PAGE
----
Ballycroy National Park on the Wild Atlantic Way

Blog Header Image

Ballycroy National Park, established in November 1998, is Ireland’s sixth National Park and is located, with a Visitor Centre, in the village of Ballycroy on the N59 road between Mulranny and Bangor.

With an area of 11,000 hectares of Atlantic blanket bog and mountainous terrain, the Park covers a vast uninhabited and unspoilt wilderness dominated by the Nephin Beg mountain range.

Visitors can traverse Owenduff blanket bog, one of the last intact active blanket bog systems in Ireland and western Europe, and admire the landscape of the imposing Nephin Beg mountain range. The park also provides protection habitats for species such as Greenland white-fronted geese, golden plover, red grouse and otter, and is part of the Owenduff / Nephin Complex Special Area of Conservation and Special Protection Area.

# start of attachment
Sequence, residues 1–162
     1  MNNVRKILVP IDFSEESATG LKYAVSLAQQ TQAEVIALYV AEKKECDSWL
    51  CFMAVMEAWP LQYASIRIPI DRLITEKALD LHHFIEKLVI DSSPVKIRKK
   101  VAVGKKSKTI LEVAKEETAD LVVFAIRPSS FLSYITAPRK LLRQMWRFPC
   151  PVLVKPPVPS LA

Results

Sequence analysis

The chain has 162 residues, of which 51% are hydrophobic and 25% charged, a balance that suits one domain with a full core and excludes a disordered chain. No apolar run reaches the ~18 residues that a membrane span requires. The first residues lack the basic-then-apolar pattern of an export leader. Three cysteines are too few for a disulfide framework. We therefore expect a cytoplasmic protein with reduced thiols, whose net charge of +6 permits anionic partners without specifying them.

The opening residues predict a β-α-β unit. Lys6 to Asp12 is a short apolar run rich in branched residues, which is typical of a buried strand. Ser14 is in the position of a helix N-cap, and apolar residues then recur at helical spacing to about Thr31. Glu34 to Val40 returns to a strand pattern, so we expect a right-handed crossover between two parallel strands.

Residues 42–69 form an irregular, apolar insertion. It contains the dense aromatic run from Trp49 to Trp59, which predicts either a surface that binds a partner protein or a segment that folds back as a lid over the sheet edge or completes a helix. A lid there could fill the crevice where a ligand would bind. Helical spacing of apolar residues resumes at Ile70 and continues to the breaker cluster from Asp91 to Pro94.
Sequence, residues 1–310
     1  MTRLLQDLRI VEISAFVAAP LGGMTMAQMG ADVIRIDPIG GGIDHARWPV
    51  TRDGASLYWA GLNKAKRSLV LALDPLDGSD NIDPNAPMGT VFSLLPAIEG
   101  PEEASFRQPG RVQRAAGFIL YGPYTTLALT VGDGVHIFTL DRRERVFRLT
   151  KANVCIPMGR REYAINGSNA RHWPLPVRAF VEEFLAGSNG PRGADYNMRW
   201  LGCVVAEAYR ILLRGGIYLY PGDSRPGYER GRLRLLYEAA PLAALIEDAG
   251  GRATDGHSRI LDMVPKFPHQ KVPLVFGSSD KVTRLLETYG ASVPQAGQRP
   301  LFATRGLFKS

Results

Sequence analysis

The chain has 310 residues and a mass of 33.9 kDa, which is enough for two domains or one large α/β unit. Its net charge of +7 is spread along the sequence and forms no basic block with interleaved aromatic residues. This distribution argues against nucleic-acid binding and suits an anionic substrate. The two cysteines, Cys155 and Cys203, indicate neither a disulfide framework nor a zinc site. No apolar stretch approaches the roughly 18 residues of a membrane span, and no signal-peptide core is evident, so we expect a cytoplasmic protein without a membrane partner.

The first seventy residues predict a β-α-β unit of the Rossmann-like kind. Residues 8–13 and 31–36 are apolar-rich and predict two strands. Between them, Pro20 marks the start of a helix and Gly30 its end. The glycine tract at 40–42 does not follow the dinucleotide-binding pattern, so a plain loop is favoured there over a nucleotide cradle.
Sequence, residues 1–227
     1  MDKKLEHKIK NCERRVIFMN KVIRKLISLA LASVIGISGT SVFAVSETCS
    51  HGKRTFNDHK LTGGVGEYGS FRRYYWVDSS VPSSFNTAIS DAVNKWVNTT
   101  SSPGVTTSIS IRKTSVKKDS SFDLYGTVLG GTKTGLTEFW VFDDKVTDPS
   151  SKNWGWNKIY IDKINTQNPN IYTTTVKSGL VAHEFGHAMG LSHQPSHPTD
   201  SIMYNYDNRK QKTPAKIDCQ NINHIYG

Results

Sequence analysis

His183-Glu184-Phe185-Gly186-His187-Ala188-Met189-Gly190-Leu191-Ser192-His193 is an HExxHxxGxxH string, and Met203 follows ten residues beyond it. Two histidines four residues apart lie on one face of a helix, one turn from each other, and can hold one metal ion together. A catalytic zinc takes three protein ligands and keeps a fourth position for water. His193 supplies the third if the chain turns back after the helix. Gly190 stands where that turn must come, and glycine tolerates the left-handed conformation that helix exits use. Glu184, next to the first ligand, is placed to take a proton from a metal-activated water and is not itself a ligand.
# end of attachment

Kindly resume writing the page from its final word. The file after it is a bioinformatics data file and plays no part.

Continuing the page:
The Ballycroy National Park Visitor Centre, located on the Wild Atlantic Way in Ballycroy village, houses an interpretative exhibition of the landscape, habitats and species found in the park, as well as information on the surrounding area.

Don’t forget to embrace the superb views of Achill Island and the Nephin Beg Mountains at the summit of the park’s short nature trail.

Other Things You Might Like